Morals in Beauty and the Beast!

Beauty and the Beast has the classic fairytale qualities; the evil stepsisters, a beast, and magic. Though it is full of clichés, there are valuable messages of learning not to judge and to have a good heart. “Beauty and the Beast,” by De Beaumont, is a traditional fairytale about love, however it focuses on internal beauty instead of physical beauty like that of a noble night or prince charming. Beauty De Beaumont’s purpose in writing the story was to teach children the good virtue of kindness, good behavior and that one should not judge until you truly gotten to know them.
Beauty is characterized as the youngest daughter “who was admired by everyone;” someone beautiful BOTH on the inside and outside. De Beaumont purposely contrasts Beauty with her two evil sisters by their behavior. While her sister’s spent time doing materialistic things, Beauty enjoyed reading and being kind to others. When their family had lost everything, no one wanted to marry the sisters, however Beauty still had many offers for her hand in marriage. Beauty sacrifices herself endlessly, while her sisters are selfish from beginning to end. De Beaumont shows that everyone admired Beauty for the way she acted, and the virtues she followed while her sisters are dislike.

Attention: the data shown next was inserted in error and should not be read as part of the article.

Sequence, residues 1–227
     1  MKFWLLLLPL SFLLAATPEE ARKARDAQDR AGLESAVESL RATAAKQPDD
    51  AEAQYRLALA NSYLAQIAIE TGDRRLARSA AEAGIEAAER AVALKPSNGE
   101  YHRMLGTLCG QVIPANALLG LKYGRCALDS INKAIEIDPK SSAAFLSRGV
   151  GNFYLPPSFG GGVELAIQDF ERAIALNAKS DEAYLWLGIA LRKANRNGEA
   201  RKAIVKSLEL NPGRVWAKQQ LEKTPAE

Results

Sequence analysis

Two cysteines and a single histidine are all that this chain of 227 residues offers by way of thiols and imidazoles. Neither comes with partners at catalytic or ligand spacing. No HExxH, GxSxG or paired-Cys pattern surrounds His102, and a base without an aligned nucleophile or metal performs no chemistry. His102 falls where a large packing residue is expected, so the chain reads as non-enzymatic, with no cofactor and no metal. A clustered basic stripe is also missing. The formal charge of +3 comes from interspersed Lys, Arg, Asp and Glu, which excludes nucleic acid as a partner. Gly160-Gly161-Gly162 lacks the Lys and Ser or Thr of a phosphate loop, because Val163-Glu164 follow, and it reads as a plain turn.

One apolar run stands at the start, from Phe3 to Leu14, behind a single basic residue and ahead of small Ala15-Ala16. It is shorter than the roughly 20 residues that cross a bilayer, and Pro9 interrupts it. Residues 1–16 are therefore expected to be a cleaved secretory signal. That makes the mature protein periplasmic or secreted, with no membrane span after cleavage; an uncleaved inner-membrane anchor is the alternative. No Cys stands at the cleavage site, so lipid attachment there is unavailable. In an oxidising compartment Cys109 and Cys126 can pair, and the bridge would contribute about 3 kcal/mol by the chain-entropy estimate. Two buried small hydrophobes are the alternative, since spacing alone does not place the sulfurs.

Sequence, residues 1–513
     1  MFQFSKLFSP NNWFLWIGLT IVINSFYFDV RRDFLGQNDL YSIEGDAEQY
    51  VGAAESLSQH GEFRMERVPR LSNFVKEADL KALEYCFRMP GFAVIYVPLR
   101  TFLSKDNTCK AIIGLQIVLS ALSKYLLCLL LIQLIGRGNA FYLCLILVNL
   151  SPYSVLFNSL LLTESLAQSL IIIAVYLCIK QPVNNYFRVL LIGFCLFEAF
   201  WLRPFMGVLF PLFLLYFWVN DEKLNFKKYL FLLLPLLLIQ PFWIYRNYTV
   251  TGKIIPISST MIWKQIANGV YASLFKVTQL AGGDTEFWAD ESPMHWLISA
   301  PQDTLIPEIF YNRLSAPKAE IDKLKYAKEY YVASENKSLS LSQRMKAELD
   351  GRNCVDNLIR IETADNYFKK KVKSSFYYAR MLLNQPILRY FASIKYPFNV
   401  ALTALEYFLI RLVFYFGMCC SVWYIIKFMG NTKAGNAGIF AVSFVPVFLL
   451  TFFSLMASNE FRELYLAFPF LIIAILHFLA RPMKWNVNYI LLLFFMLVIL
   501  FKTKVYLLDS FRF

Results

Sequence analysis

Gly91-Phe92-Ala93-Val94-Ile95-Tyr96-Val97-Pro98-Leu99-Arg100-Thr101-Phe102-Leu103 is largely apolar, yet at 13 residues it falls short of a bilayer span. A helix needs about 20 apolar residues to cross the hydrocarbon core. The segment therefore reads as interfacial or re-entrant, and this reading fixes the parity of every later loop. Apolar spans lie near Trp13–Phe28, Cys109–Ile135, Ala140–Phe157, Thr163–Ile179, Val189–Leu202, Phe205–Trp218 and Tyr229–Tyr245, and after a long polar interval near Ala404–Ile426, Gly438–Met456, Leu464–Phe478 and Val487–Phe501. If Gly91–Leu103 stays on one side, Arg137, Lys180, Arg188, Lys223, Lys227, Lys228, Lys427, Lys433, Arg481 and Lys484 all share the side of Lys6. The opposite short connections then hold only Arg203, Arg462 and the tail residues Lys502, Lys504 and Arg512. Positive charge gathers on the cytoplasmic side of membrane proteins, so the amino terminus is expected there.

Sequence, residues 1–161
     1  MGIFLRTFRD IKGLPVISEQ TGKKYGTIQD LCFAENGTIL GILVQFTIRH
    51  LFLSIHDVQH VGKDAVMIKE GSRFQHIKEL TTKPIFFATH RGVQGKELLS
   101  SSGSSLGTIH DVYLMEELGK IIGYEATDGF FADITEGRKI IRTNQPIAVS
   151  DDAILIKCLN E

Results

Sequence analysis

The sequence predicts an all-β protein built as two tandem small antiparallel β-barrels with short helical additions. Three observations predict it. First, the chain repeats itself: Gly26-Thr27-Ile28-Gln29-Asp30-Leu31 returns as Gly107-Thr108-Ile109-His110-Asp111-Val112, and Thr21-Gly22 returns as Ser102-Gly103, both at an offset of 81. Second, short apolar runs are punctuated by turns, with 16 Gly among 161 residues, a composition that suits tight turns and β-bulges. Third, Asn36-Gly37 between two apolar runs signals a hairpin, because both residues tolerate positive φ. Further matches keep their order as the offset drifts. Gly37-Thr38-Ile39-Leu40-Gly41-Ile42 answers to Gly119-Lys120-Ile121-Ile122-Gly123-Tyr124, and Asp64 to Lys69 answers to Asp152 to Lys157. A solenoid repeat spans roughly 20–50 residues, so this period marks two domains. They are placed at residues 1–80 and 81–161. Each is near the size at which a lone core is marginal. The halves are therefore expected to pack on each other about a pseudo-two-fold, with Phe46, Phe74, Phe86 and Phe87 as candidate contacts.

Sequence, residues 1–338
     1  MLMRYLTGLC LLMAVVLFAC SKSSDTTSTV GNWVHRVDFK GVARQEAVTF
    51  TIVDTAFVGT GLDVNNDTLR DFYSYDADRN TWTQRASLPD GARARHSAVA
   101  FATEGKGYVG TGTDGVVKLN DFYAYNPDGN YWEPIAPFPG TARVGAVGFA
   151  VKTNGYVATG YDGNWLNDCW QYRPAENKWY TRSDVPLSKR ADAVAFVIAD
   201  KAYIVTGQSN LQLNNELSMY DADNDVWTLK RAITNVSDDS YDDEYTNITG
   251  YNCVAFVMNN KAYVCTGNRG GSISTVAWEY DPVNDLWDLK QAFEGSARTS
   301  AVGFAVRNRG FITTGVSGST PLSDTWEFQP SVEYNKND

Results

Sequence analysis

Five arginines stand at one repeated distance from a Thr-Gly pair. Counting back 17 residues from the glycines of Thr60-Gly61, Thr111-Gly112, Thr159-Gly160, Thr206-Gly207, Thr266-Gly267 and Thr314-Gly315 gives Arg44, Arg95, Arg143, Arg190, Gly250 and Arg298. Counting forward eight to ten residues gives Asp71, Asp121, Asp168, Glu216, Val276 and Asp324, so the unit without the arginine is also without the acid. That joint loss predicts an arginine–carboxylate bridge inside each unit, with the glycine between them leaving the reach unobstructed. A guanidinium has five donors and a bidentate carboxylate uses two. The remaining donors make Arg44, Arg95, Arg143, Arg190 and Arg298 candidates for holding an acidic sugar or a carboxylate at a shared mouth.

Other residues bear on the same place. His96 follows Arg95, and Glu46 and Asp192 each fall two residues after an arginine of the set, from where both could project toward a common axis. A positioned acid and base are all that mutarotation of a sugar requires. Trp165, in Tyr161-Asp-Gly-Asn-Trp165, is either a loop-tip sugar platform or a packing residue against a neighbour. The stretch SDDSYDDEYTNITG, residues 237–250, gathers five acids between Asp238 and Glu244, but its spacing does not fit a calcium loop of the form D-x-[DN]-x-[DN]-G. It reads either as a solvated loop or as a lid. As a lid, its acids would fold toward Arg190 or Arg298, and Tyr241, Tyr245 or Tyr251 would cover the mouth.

Beauty sacrifices herself to live with the beast. She initially judges the Beast by his outer appearance, trembling “at the site of his horrible appearance.” However, she became accustomed to his ugliness, even waited to see the beast. “Each day Beauty discovered new good qualities in the monster” (De Beaumont 39). By the end of the story she realizes that she loved him for all the good qualities he possessed despite the fact that he was a beast. This turning point, accepting his hand in marriage, shows that Beauty accepted who the beast truly was inside AND out. Having “preferred virtues to looks” allowed her to be ultimately happy and rewarded. In the introduction to “Beauty and the Beast” there is a message to women who are in arranged marriages noting that one may not be initially attracted to their husband, but with time will learn to love their beautiful qualities. This is exactly what De Beaumont’s writing implies; beauty on the inside is very important. The author shows that Beauty was rewarded with a happy ending for being the kindest, best behaved and selfless shows the reader’s that these qualities everyone should portray. The fact the greedy, evil sisters were turned into stone to “witness her happiness” further emphasized this lesson.

Leave a Reply

Your email address will not be published. Required fields are marked *